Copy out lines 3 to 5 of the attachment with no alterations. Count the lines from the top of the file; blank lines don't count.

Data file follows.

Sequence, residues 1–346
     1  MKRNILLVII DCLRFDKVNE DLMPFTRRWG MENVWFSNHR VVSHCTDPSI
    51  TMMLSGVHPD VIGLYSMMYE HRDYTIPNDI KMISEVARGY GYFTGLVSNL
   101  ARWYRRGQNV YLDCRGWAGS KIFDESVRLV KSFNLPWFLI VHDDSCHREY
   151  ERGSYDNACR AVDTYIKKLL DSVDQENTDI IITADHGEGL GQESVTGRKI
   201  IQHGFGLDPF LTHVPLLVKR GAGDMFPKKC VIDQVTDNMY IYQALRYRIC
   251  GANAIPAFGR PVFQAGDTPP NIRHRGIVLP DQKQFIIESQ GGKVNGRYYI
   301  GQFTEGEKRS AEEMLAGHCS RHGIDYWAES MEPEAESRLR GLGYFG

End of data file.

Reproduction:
    51  TMMLSGVHPD VIGLYSMMYE HRDYTIPNDI KMISEVARGY GYFTGLVSNL
   101  ARWYRRGQNV YLDCRGWAGS KIFDESVRLV KSFNLPWFLI VHDDSCHREY
   151  ERGSYDNACR AVDTYIKKLL DSVDQENTDI IITADHGEGL GQESVTGRKI